Check out the results of the Digital Fabrication Exercise on CNC milling, with molding, casting and composite explorations.
Organized by The Institute for Advanced Architecture of Catalonia and HP.
240 proposals from 91 countries were evaluated through the internet from October to December by the following jury members of the 5th ADVANCED ARCHITECTURE CONTEST:
Aaron Betsky, Architect. (Cincinnati, USA).
Areti Markopoulou, Architect. IaaC Master Program Director
Daniel Ibañez, Architect, Iaac Factulty IAAC
Eric Owen Moss Director, SCI-Arc; Eric Owen Moss Architects (Los Angeles, USA)
J.M. Lin, Architect. The Observer Design Group. (Taipei, Taiwan).
Josep Mias, MIAS Architectes. (Spain).
Kim, Young Joon, Architect. Korea
Lucas Cappelli, Architect. Director of the Advanced Architecture Contest.
Manuel Gausa, Dean IaaC. Architect. Spain
Nader Tehrani, Director School of Architecture MIT (Boston, USA)
Neil Gershenfeld, physicist. MIT, Cambridge, MA, USA
Rodrigo Rubio, Architect Iaac Factulty, IAAC. Spain
Tomas Diez, Director FabLab Barcelona
Willy Muller, Architect. Director Barcelona Regional.
Each juror has selected a first, second, and third prize, and honourable mentions in some cases. The jury voted on a total of 20 proposals.
The jury has decided to award the following contestants:
The first prize has been awarded to the project WALKING CLOUDS designed by Josiane Crampe and Ji Won Jun (Canada).
The second prize is for the project F.R.A. FLOATING RESPONSIVE AGRICULTURE designed by Javier Ponce (Guatemala).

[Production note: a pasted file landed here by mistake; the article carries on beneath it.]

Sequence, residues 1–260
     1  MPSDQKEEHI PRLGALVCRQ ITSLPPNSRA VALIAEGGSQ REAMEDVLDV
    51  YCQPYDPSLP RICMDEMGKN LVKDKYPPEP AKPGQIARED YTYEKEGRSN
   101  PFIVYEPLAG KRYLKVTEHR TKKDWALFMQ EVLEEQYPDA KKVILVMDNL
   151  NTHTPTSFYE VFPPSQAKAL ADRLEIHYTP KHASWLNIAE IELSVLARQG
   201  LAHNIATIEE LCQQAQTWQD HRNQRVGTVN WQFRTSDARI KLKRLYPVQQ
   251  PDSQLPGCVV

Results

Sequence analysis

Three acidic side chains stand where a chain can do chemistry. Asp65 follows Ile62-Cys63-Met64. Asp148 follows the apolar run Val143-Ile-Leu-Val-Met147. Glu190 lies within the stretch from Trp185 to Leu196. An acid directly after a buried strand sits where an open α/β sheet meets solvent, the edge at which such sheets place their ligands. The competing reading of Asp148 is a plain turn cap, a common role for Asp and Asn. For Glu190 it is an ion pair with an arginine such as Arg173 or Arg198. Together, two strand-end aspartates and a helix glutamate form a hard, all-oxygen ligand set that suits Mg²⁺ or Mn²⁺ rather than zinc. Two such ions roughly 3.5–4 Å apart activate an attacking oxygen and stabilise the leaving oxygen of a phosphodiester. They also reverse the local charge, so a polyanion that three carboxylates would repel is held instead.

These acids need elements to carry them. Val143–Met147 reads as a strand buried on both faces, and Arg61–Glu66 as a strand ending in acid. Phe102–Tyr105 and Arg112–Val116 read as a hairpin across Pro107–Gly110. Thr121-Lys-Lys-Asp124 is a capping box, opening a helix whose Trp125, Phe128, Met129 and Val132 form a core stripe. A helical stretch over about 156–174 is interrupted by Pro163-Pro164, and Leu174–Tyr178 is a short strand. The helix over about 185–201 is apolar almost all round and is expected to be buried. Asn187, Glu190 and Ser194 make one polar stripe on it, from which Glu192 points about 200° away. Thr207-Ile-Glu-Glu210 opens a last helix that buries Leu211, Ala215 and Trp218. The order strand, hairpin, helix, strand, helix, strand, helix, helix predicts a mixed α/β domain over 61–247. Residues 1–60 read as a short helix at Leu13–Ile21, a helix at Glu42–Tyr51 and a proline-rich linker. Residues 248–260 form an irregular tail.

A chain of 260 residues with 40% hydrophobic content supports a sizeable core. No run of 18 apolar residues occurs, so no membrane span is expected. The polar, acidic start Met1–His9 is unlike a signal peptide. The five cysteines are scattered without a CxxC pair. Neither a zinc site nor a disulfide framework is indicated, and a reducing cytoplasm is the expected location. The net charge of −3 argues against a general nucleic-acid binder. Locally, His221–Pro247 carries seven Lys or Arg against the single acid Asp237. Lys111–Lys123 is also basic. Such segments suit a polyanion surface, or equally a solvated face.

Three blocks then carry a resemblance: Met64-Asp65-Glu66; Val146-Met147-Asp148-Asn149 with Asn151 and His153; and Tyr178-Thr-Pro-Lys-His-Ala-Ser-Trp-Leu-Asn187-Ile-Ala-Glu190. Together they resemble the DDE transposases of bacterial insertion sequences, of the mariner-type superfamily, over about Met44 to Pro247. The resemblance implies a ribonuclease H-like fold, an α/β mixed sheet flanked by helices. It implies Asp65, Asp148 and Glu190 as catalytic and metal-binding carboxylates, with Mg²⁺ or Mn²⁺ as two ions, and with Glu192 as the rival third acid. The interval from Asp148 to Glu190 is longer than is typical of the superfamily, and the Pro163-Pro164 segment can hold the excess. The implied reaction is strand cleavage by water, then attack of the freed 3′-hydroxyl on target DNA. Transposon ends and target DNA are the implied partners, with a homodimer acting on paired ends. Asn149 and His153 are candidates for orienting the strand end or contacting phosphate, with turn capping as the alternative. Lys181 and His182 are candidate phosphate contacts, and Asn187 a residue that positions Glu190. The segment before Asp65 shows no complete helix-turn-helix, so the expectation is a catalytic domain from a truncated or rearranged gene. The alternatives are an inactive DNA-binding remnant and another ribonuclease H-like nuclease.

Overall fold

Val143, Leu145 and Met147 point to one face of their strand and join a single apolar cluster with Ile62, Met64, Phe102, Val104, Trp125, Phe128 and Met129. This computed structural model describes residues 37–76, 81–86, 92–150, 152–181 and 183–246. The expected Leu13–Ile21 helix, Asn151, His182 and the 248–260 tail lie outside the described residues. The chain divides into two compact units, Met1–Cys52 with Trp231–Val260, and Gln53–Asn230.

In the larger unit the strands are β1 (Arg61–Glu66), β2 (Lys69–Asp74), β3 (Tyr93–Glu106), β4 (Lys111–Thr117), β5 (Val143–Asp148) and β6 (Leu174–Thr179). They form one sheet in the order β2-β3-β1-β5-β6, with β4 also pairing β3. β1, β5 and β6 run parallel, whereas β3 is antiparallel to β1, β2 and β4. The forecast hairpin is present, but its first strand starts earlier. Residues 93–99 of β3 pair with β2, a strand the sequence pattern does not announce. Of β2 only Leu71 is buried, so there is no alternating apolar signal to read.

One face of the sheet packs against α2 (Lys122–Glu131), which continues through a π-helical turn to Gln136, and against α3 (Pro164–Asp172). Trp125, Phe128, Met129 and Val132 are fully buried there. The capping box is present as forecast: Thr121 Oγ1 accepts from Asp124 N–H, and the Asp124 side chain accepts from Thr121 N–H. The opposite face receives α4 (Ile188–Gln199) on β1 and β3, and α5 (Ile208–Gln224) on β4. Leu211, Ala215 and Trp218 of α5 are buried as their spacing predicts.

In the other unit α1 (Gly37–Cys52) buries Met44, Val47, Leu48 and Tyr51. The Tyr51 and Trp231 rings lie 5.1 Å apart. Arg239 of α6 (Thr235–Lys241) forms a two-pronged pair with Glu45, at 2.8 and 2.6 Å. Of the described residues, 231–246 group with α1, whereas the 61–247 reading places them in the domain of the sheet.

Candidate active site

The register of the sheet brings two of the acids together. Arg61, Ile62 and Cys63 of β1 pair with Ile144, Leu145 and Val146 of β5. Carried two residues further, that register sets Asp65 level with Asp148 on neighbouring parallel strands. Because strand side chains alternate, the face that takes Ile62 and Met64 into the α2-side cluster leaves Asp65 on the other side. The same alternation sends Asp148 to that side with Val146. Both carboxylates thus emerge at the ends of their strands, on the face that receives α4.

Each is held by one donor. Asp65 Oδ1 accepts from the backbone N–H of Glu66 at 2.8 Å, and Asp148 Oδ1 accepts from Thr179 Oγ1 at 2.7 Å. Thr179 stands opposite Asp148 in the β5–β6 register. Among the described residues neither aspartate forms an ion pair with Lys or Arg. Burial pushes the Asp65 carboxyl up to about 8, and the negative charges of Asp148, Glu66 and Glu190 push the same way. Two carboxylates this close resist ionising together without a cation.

The third prize is for the project THE ANT TRIBE designed by Junqin Lian (China).
The jury has agreed to give 4 honourable mentions to the following proposals:
- CLIFF DWELLINGS – Roman Jesus Cordero Tovar and Izbeth Katia Mendoza Fragoso (Mexico).
- Self sufficient PARASITE city – Hana Svatos-Raznjevic, Yen Ju Timothy Tai and Sean.J Kim (Croatia).
- THE ENERGY OF TRAFFIC – Shurui Yan, Licheng Wang, Zhaolun Yang and Yuchen Liu (China).
- SWARM URBANISM – Kenichi Kabeya (Japan)
The jury would like to thank the effort carried out by all contestants, and encourages the development of ideas which transform cities into more efficient and stimulating environments for the human life.
People’s Choice Award:
In parallel to the 5th Advanced Architecture Contest, the Institute for advanced architecture of Catalonia (IaaC) and Hewlett-Packard were also running a Peoples Choice Award. Submissions were displayed online to be viewed and voted on by the public.
Finally the most popular image and the winner of the HP Designjet web connected Printer is the project SELF SUFFICIENT re.HABITAT (ID: we5mdb) by Adam Myczkowski and Anna Jurkiewicz (Poland) which received 2166 votes (likes) from the public. Read More
This evening we had the pleasure of partaking in the Lecture on behalf of Neil Leach, as part of the IAAC Fall Lecture Series 2013. During the Lecture entitled Adaptation a series of topics were touched around the following concepts: within contemporary architecture design a significant shift in emphasis can be detected – a move away from an architecture based primarily on visual concerns towards an architecture justified by its performance. Structural, constructional, economic, environmental and other parameters – concerns that were once relegated to a secondary level – have now become primary, and are embraced as positive inputs into the design process from outset. Architecture – it would seem – is now preoccupied less with style and appearance, and increasingly with material processes and performance. It is as though a new architectural design sensibility has emerged.